Hamilton NDP MPP wants Ontario to extend Amber Alert
Published March 7, 2023 at 2:01 pm
Citing the death of a Hamilton grandmother just before last Christmas, local New Democrat MPP Monique Taylor is calling on the province to create a new alert for missing vulnerable persons.
Taylor represents the Hamilton Mountain riding, where 80-year-old Shirley Love was found dead last in the King’s Forest area last Dec. 16. Love had left her home three days earlier while not dressed for wintry weather. Some 300 community volunteers, along with units from Hamilton Police, searched the area for Love (pictured) before confirming the worst.
Earlier this week, Taylor, in her capacity as the Ontario NDP critic for Children, Community, and Social Services, tabled a bill that would create a new alert for missing vulnerable persons — those living with autism, Alzheimer’s, or dementia. Presently, the Ontario Provincial Police (OPP) can only issue an Amber Alert for an abducted child under the age of 17. The system sends a message to mobile phones of area residents.
“This bill fills an important gap in the current emergency alert system,” Taylor states. “It would ensure that the OPP are able to send targeted, regional alerts to help find vulnerable people when they go missing and make sure they get home safely. This is an important tool families can use to help find their loved ones in an unthinkable situation.”
Taylor also cited the death of 11-year-old Draven Graham in Lindsay, Ont., last spring. The boy, who had autism and limited verbal skills, drowned in the Scugog River. His body was recovered about 24 hours after being reported missing, according to police
Communities such as Brighton, Cobourg, Mississauga, Magnetawan, and Mattawa have passed resolutions calling for a new alert to be created.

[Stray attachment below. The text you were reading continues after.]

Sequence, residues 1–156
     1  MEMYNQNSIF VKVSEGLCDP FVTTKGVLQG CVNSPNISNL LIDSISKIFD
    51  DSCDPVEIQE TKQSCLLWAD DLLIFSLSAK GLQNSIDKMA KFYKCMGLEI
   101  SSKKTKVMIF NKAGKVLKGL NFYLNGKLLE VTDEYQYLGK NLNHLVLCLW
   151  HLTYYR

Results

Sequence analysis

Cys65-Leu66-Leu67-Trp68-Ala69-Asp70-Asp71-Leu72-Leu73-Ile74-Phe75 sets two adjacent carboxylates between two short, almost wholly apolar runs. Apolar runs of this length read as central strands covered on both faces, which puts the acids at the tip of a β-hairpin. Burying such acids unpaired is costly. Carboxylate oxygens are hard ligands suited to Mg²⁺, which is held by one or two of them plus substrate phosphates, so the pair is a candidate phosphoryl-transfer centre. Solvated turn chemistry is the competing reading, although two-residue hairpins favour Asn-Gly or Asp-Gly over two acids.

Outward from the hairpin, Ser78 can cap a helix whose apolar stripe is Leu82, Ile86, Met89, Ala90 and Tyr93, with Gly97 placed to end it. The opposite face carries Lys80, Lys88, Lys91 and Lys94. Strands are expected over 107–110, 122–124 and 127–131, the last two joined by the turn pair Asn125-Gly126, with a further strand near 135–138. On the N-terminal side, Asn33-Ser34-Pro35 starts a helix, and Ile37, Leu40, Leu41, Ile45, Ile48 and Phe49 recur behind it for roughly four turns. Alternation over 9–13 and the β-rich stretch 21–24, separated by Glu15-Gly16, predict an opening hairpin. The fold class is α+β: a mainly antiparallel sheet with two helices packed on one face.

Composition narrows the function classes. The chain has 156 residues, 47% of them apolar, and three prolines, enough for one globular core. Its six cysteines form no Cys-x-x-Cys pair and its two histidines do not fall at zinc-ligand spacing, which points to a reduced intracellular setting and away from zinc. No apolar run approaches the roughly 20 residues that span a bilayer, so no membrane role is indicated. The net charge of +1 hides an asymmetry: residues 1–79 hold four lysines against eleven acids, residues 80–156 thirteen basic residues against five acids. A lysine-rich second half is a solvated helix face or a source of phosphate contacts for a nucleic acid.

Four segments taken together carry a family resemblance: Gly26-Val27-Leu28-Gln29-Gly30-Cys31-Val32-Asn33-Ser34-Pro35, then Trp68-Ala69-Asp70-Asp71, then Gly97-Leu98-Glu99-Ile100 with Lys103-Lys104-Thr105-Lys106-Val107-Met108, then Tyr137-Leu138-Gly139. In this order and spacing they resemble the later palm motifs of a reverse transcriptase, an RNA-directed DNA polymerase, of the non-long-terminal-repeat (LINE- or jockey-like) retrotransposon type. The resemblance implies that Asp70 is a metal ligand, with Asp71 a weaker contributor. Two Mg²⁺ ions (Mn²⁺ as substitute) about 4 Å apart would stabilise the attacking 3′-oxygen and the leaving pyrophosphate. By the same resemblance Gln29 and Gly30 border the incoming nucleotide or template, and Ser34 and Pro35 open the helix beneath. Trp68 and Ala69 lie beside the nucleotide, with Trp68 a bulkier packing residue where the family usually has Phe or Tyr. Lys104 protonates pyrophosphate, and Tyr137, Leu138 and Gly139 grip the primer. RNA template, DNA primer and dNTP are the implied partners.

Bills introduced by opposition MPPs at Queen’s Park require take-up from governing party, namely the Premier Doug Ford-led PC Party of Ontario.
One relatively recent success story with a private member’s bill focused on health and safety is Rowan’s Law, which made Ontario the first province to have brain injury-related laws related to youth sports. Ottawa-area MPP Lisa MacLeod, while the PCs were in opposition, introduced the bill and advocated for it after the 2013 death of high school rugby player Rowan Stringer, who was found to have had multiple undiagnosed brain injuries (commonly called “concussions”). The bill received unanimous consent when it was passed in June 2016.
Taylor added she is “confident” that she pitching a common-sense proposal to the premier in regard to a new alert.
“I am proud to put forward this bill and I hope that the Ford government will help us help make the system safer for vulnerable people across the province,” she stated.
The Ministry of Children, Community and Social Services is also responsible for the Ontario Autism Program. Around 60,000 children with autism are waiting for core service funding under the OAP, which is a more than 20-per-cent increase from how long the list was two governments ago under the Ontario Liberals.insauga's Editorial Standards and Policies advertising